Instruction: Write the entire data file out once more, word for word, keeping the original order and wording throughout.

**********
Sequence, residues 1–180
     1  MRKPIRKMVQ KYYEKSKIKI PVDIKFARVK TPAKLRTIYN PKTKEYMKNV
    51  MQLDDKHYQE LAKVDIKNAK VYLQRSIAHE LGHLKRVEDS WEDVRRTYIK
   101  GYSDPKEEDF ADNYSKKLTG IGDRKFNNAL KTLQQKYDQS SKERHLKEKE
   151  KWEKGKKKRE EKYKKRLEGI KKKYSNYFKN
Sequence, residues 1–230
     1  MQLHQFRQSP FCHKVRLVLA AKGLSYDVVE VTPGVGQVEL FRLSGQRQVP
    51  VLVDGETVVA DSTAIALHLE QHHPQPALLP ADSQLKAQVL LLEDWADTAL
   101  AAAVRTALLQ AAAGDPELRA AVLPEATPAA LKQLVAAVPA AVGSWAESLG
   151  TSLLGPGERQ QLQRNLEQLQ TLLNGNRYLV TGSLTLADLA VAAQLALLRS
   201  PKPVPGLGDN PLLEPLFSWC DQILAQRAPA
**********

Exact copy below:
Sequence, residues 1–180
     1  MRKPIRKMVQ KYYEKSKIKI PVDIKFARVK TPAKLRTIYN PKTKEYMKNV
    51  MQLDDKHYQE LAKVDIKNAK VYLQRSIAHE LGHLKRVEDS WEDVRRTYIK
   101  GYSDPKEEDF ADNYSKKLTG IGDRKFNNAL KTLQQKYDQS SKERHLKEKE
   151  KWEKGKKKRE EKYKKRLEGI KKKYSNYFKN
Sequence, residues 1–230
     1  MQLHQFRQSP FCHKVRLVLA AKGLSYDVVE VTPGVGQVEL FRLSGQRQVP
    51  VLVDGETVVA DSTAIALHLE QHHPQPALLP ADSQLKAQVL LLEDWADTAL
   101  AAAVRTALLQ AAAGDPELRA AVLPEATPAA LKQLVAAVPA AVGSWAESLG
   151  TSLLGPGERQ QLQRNLEQLQ TLLNGNRYLV TGSLTLADLA VAAQLALLRS
   201  PKPVPGLGDN PLLEPLFSWC DQILAQRAPA